When I was just a little boy, standing to my daddy’s knee, my papa said son…
Wait. Suddenly I’m quoting John Fogerty. I wasn’t Born on the Bayou, but when I was younger I did take a lot of civics – basically from the time I entered school until the time I finished my formal secondary education. I’ve used my lessons in American civics many times. It helped me as a reporter to know my way around a county clerk’s office, ask for the proper paperwork and follow legislatures, town hall meetings, and various city and county council meetings. From it I learned about Roberts Rules of Order and how to frame questions and search for knowledge in the greater Republic.
I mention all this because I wonder if we’re teaching civics today – for I find many are ready to jettison a wide variety of our civil rights under the auspices of safety without understanding the historical significance and reasons behind those liberties they seem ready to throw in the circular file.
Without making a case against public school education, I mention this because I wonder what the cause is behind the recent rush to judgment regarding the Boston Marathon bombing and the complete lack of understanding of American civics.
Let us recap. Two bombs exploded at the marathon. Three people tragically died and more than 160 were injured. Many of these were serious injuries.
Police hunted down suspects. Members of the media incorrectly reported them captured then the FBI released photos they said were of the main suspects. The next day one of those suspects apparently died in a shootout with police and the following day the second suspect was taken into custody after law enforcement and residents volunteered to lock down the city of Boston. The 19-year-old suspect was hiding in a boat in Watertown and had suffered from a gunshot wound himself.
Some have disturbingly shouted from the highest mountain tops that due process of the suspect should be suspended. Others, many of them the same people who always wail and gnash their teeth about the “Lame Stream Media” have decided based solely on what they’ve seen on television and read in the newspapers the 19-year-old is guilty and should be put to death.
Now, if the boy is guilty, then he should in fact be prosecuted to the fullest extent of the law. But I’m not ready to trust what I’ve seen on television or read in newspapers in order to convict this young man. I’ve been a member of the media far too long to place my faith in our ability to prosecute a case. That’s for the courts.
Nor do I ever want to suspend the rights guaranteed the accused under the Constitution. Nor do I always trust everything said by law enforcement. I’m not indicating the FBI did anything wrong, or any of the local police. I’m merely saying the courts are the arbiters of these disputes and that’s where the case belongs.
But H.L. Mencken’s “Boobus Americanus” is alive and well today, populating the countryside and ready to tell me I’m not a “True Red Blooded American” if I say the 19-year-old boy is innocent until proven guilty. One man told me to “Go back to where I came from. What kind of name is Kareeem anyway?”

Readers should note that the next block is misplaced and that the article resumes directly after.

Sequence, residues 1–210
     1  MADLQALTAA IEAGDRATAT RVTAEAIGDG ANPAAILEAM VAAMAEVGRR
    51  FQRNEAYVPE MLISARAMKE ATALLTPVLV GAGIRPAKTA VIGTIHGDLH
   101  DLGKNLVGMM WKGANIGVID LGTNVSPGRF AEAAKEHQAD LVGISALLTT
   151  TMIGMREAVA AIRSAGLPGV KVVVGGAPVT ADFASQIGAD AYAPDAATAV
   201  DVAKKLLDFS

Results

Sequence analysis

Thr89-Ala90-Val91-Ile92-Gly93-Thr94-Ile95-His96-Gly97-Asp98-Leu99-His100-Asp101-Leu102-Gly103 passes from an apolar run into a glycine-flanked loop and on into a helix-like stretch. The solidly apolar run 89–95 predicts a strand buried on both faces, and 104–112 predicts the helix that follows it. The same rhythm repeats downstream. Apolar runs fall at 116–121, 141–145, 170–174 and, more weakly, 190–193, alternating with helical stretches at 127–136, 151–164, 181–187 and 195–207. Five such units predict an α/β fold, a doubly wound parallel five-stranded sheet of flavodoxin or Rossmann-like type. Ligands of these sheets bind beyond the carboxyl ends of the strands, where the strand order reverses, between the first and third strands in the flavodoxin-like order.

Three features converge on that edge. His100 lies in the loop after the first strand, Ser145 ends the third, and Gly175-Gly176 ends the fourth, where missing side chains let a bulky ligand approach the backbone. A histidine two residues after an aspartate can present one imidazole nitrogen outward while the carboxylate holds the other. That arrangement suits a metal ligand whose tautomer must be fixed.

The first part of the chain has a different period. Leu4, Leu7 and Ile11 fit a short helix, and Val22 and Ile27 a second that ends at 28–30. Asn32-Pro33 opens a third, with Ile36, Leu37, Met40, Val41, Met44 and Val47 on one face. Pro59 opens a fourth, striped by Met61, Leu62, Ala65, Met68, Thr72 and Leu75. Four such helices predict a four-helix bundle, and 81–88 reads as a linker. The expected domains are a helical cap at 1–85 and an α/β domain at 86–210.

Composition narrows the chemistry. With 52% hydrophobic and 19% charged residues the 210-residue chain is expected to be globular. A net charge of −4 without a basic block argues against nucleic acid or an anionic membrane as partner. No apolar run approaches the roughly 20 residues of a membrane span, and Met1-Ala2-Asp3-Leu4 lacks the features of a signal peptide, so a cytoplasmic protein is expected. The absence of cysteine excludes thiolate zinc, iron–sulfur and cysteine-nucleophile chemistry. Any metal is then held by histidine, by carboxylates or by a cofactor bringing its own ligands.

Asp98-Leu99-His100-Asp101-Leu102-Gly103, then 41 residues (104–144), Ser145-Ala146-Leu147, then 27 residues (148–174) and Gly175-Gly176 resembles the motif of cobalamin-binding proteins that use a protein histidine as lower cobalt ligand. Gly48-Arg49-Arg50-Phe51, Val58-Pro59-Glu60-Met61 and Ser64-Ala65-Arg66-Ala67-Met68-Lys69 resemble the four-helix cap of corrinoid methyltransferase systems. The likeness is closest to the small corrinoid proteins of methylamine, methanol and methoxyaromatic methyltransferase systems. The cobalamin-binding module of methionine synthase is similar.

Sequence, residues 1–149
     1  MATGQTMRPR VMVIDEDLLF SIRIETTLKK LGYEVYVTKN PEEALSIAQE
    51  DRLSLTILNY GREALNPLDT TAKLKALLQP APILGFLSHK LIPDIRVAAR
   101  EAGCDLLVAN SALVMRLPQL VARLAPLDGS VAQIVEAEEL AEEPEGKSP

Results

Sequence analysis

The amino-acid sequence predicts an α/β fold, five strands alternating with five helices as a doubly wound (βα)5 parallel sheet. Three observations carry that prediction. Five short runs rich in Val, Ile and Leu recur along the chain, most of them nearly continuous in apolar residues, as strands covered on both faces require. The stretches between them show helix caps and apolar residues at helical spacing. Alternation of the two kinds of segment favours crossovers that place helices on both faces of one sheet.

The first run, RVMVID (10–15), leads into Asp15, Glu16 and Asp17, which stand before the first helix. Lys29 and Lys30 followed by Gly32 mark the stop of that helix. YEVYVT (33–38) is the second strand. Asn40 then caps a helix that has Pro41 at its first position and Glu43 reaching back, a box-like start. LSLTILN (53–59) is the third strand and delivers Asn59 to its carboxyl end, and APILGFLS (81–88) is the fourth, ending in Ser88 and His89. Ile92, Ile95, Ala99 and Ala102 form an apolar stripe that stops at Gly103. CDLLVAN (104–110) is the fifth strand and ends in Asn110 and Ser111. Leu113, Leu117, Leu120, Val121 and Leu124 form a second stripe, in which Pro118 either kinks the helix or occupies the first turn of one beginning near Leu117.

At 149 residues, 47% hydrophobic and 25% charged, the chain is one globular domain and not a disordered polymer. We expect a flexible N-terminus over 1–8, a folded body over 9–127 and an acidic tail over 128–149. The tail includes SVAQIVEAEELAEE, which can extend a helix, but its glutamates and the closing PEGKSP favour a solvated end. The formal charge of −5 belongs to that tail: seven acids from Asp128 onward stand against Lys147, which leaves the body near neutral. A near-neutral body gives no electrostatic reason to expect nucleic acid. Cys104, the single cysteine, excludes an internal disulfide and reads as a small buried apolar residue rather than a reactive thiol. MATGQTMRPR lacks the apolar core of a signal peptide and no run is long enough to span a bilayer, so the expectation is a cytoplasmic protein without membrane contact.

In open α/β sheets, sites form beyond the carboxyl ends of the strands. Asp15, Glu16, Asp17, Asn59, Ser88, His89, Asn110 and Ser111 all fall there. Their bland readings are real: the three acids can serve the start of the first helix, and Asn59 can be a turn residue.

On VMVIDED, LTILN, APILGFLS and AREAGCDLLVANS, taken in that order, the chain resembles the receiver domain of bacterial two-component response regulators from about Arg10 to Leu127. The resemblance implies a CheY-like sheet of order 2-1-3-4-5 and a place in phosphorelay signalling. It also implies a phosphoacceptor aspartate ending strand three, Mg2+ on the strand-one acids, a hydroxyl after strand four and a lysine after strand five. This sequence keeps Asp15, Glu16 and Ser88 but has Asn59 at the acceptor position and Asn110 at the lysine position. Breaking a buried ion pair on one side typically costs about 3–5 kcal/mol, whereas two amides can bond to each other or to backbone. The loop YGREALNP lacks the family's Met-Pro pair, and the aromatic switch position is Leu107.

Another man told me he usually supported due process, but not in this case because it’s obvious the 19-year-old was caught “red handed.”
This gentleman has no first-hand knowledge of the case, but he’s ready to light the torch and burn the man down. So much for his principals. If they are principals of convenience, then they're inconvenient at best.
I take no comfort in this blood lust. I do not fathom why someone would mispronounce my name and ask me to move back to Kentucky. I don’t even understand the fear.
More people are killed by random violence in most large cities on any given weekend than were killed in Boston. More people are injured by automobile accidents. Those events deserve our concern.
But it’s nothing we fear. We fear terrorists. We lock down our cities and hide in our homes. While we accept there is random violence in our country and random accidents, we can never accept nor understand terroristic acts.
So we panic and toss away our civil rights.
You don’t have to be Born on the Bayou to know in that way the terrorists have won.
All it apparently took was one injured 19-year-old boy to shut down a major city - that and fear.
That is why we apparently are ready to jettison the concept of due process and why we need it now more than ever.
I once covered a case – that later went on to be my first book – where two young Hispanic brothers apparently gunned down a white police officer with his own gun.
They claimed self defense, but no one believed them. Six weeks later toxicology reports showed the cop had been “speed balling” – a potent mixture of heroin and cocaine that also claimed John Belushi’s life – when he got into the fracas with the boys. Maybe they were right.
Remember; Appearance is not always reality. Due process can’t be sacrificed because the appearance of a heinous act.
It is then when we need to show the rest of the world we’re civilized and not taken over by the passions which seem to rule most nations.
We should be the gold standard for the rest of the world – much as our founding fathers intended.